While a confused public often regards hackers as being responsible for malicious computer break-ins and criminal intent, a Vatican-backed publication has offered a more nuanced distinction in which it draws parallels between hacker philosophy and Christianity's teachings.
Writing about hackers in the publication Civilta Cattolica, which gets a once-over from Vatican authorities prior to publication, the Jesuit priest Father Antonio Spadaro describes hacker identity approvingly, separating them out from the illegal activities of the computer cracker crowd.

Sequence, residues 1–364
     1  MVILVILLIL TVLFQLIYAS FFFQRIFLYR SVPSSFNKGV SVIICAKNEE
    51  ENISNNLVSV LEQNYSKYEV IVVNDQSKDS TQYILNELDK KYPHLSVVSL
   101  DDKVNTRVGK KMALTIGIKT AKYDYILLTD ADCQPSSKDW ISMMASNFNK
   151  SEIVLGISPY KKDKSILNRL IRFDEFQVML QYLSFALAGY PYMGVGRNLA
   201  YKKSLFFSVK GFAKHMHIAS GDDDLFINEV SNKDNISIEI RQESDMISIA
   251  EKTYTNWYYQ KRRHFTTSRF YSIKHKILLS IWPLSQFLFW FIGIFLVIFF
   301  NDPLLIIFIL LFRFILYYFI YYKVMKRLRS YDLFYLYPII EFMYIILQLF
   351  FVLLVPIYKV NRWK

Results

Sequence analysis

He argues that Christians and hackers have much to give each other, adding that hacker ethics embrace a rejection of a profit-oriented approach to work. "It's a vision that is ... of a clear theological origin," Spadaro wrote, alluding to their collaborative vision of sharing - a philosophy he said was embodied by the Wikipedia model.
Spadaro emphasized hackers' ingrained distrust of authority and preference for information sharing over horizontal social networks.
"To create the biggest collaborative encyclopedia of Internet it is estimated that it took around 100 million hours of intellectual work, which is the equivalent of the time the citizens of the United States spend watching advertising on TV in a single weekend," according to Spadaro.